TUPELO • If it lands a $550,000 multi-modal grant from the Mississippi Department of Transportation, the Tupelo Regional Airport will add covered parking next to the terminal. In addition, it will add solar panels that will provide about 40% of the terminal’s electricity.
The Tupelo Regional Airport board approved the application for the grant, which also calls for a $125,000 local match. The money for the match won’t come from city coffers, however; rather, it will come from the federal economic disruption grant it received last month.
That grant – part of nearly $35 million doled out to 74 airfields across the state – totaled $1,055,781 for Tupelo.
“The multi-modal grant would allow us to go to the south end of the terminal, enclose and add covered parking, and we’d charge $5 per car to park,” said Cliff Nash, the airport’s executive director. The south parking lot contains 28 spaces, but could be expanded a bit if needed.
“Barring any findings from a reflectivity study, we’ll add roughly 400 solar panels, “ he added.
With the solar panels providing some of the electricity for the terminal, the airport should save about $46,000 a year in utility costs.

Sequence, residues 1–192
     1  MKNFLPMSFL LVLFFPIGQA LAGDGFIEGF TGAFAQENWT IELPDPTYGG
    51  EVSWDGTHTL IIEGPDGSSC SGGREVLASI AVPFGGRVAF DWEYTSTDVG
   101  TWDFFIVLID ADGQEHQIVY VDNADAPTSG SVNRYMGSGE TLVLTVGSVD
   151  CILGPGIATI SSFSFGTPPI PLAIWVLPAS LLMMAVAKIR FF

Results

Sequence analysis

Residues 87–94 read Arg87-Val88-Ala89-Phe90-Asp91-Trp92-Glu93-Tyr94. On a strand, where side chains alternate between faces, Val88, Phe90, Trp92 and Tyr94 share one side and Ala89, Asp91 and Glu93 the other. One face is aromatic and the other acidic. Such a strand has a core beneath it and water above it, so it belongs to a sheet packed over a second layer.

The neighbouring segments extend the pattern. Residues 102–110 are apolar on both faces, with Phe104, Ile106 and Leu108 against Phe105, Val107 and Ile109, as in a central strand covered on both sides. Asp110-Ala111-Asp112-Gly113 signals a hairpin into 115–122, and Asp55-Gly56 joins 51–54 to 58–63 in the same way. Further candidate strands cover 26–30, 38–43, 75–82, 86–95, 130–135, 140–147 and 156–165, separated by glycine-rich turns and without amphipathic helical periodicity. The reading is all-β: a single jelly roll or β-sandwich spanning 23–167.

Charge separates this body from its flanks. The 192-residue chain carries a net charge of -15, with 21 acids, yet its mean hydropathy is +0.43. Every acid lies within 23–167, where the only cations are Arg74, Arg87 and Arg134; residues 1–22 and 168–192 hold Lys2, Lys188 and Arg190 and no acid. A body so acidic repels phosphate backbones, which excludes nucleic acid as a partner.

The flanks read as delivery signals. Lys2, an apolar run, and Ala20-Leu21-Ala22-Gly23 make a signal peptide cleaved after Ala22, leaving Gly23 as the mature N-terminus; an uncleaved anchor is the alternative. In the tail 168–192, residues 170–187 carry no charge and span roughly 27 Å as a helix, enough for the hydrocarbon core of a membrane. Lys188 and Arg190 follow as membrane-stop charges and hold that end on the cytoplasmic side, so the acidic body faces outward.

Thus, the local matching grant will have paid for itself within three years.
The reflectivity study will be needed to ensure that the panels don’t cause a glare for landing aircraft. Some consultants have already advised that they will not be problem. However, if the study proves otherwise, the airport will look to put the solar panels on land.
But that would incur additional costs of building a fence around it and landscaping it. The rooftop panels are preferred by the airport because it will mean less maintenance.
If approved for the multi-modal grant, the airport has two years to complete the project.
“This would be phase one and two of a three-phase project,” Nash said. “The third phase would be adding additional panels in the green area between the administrative offices and the terminal. Then we could generate 85% of our electricity for the terminal, the office and the tower.”
The airport also paid off a revolving loan to MDA. The balance was nearly $66,000 of a $200,000 loan for the renovation of the fixed-base operator.
“This will save us $24,000 a year for the next four years we would have had to pay out,” Nash said.
Enplanements still suffering
With the COVID-19 pandemic all but grounding air travel in March and April, the number of passenger boardings plummeted.
Contour has counted more than 10,000 passengers for three consecutive years leading into 2020, and for the first two months of the year was 24% ahead of last year.
But in March, when the pandemic began to spread mid-month, boardings fell to 811, a 37% drop from a year earlier. In April, the boardings saw a 93% drop to only 87. Last month, boardings improved to 292, but that’s still an 80% decline from last year.
“The enplanements are improving, and the trend seems to be headed in the right direction,” Nash said.
The drop in passenger traffic also affected car rental revenue, which through May is down by 25%.